That was the last gasp. The final failure. The Redskins punted the ball back to the Vikings with 6:13 on the clock and never saw it again. A 10-yard run by 41-year-old quarterback Brett Favre to convert a third down saw to that.

"We're thinking run, they want to run down the clock and kick a field goal," linebacker Brian Orakpo said. "They go play-action. As a defender, you have to play the percentages. You rarely see Brett Favre running the ball."

Asked if that play brought back memories, Favre smiled and said, "Distant."

Yet this little dash was one to remember. It prevented the Redskins from getting a chance at their occasional late-game heroics and a way to salvage this clanking affair.

"(Minnesota) did a good job controlling the clock, especially at the end," Shanahan said.

Indeed. The Redskins had the ball for 3:50 of the final quarter and nine minutes of the second half. Their opening drive alone consumed 7:53. Thereafter they had only one possession that lasted more than three minutes and eight that consumed 2:16 or less.

The running game, with Clinton Portis (abdomen, injured reserve) and Ryan Torain (hamstring) missing, collapsed upon itself. The 29 yards gained marked the second lowest total this season (and that's hard to believe) behind the 18 in the loss to the Houston Texans.

Throw out punts and field goal tries and the Redskins passed on their last 15 snaps, never even attempting a run. Neither Keiland Williams nor the newly-activated James Davis found seams to hit. The Redskins did not have a run longer than four yards.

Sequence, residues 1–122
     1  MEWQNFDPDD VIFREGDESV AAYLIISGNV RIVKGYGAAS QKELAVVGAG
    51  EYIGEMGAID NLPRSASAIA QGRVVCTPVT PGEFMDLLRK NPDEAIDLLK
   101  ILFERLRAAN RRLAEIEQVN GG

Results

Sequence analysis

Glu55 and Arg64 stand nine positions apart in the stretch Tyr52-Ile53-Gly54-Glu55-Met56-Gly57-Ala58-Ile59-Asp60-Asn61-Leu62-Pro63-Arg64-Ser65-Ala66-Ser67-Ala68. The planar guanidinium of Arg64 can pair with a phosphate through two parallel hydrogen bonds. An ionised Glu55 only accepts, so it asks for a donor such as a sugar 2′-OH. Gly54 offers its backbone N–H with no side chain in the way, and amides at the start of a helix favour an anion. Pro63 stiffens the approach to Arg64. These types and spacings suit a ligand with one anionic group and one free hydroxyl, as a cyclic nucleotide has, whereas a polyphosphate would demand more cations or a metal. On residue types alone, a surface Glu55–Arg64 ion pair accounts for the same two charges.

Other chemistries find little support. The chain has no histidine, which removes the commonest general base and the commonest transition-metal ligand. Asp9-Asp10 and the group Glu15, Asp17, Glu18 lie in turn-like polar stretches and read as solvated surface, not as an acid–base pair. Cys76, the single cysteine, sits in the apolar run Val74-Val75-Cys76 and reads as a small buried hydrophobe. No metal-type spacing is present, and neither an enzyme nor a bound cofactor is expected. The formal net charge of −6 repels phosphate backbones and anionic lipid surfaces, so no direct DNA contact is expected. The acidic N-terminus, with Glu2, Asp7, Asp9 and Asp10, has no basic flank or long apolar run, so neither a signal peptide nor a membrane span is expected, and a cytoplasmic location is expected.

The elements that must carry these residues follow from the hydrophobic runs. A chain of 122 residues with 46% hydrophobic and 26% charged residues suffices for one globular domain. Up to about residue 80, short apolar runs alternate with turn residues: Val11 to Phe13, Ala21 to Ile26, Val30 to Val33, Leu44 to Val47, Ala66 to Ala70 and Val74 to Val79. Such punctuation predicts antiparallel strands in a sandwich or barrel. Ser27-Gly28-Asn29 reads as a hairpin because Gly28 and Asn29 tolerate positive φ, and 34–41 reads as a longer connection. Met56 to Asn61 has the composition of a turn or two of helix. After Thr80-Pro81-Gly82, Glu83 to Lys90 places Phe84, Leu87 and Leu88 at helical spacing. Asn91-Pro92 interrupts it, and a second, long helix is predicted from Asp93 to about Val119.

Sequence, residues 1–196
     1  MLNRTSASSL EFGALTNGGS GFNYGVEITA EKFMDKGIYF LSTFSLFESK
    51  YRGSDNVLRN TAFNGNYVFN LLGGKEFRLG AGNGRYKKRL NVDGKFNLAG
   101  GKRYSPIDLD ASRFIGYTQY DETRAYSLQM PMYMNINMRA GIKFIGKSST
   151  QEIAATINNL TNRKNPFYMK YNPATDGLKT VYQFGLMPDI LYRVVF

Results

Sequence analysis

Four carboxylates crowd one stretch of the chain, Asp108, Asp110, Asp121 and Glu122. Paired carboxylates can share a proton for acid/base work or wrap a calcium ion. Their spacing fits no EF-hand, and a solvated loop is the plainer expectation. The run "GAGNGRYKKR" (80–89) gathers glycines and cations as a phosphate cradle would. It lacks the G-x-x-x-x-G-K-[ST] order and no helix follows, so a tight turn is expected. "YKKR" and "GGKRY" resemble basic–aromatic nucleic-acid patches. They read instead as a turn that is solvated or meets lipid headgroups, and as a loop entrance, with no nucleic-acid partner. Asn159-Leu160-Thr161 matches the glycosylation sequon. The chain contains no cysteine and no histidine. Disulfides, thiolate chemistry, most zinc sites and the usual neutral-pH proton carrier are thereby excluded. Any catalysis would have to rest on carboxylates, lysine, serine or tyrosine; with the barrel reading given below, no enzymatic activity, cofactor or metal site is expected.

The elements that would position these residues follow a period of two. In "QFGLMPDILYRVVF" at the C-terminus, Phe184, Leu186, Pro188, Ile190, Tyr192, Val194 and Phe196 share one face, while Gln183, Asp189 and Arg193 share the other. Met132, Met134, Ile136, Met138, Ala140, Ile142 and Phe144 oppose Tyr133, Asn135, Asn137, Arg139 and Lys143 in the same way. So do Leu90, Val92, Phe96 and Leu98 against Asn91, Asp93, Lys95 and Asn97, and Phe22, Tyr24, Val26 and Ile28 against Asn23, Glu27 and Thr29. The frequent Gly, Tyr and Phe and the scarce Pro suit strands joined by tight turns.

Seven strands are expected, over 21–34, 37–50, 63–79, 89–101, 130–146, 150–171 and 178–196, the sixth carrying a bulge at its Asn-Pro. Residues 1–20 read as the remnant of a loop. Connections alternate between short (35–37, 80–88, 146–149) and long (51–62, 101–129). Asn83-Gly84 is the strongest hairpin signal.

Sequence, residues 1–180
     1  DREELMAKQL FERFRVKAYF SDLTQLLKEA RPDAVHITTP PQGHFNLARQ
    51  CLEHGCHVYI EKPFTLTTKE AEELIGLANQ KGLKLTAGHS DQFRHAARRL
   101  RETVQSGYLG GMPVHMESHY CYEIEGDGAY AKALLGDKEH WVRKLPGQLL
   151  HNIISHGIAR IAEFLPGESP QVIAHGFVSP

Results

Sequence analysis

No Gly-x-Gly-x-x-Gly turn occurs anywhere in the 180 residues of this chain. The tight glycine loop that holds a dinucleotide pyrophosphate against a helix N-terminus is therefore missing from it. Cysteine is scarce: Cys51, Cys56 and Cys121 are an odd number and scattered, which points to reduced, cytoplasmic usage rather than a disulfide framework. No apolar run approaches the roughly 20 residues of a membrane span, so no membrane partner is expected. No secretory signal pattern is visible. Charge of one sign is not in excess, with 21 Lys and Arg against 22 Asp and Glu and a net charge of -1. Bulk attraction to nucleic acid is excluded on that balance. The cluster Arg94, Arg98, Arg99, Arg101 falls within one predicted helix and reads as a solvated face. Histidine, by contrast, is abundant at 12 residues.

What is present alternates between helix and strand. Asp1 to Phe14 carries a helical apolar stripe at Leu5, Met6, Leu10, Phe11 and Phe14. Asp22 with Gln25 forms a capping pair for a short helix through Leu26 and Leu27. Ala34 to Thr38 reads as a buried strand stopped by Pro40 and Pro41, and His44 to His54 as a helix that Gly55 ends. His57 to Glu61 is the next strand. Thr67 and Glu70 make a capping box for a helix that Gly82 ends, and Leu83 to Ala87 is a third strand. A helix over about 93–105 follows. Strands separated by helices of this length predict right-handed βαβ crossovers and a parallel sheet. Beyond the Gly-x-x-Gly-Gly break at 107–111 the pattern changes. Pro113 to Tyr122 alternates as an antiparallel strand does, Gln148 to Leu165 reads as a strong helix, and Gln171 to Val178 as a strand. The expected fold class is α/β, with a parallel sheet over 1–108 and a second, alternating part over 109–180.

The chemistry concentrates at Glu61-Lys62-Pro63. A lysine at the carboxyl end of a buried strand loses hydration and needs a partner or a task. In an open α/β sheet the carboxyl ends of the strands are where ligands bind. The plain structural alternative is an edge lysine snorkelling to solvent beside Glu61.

The lack of balance put added pressure on McNabb, who was sacked four times. He was eight-of-eight for 83 yards and a touchdown on the first drive, 21 of 35 for 211 on the day. Throw out the initial series and what's left is 13 of 27 for 128 yards.

This is what the Redskins have become and what they are. They're good enough to hang around in games, bad enough to let other teams hang around in games, good enough to win some of those and not good enough to win the others.

One touchdown. Just like last week, in the 19-16 overtime win against the Tennessee Titans. No rushing touchdowns in back to back weeks. McNabb with one multi-touchdown passing game this season.

"Today we were off," Shanahan said. "I mean, we just threw for just over 200 yards and we had a nice first drive. We were pretty inconsistent against a defense that was fairly good. They played a lot more consistently than we did and they deserve to win."

There's never been a rule about the more deserving team winning. The opportunistic team, the one that sees its chances and builds on them, that team wins. That team, on this day, was not the Redskins.


PRE-GAME COVERAGE

The Redskins host the Minnesota Vikings on Sunday, Nov. 27 at FedExField. Kickoff is 1 p.m. ET.

FedExField is a natural grass surface. The stadium seats 91,704.

The Vikings made news this week when they fired head coach Brad Childress and replaced him with Leslie Frazier, the team's assistant head coach-defensive coordinator. Childress's first game as head coach of Minnesota was against the Redskins on Sept. 11, 2006 -- the Vikings won 19-16 in the regular season opener on Monday Night Football at FedExField. Childress won't get a second opportunity to lead the Vikings at FedExField.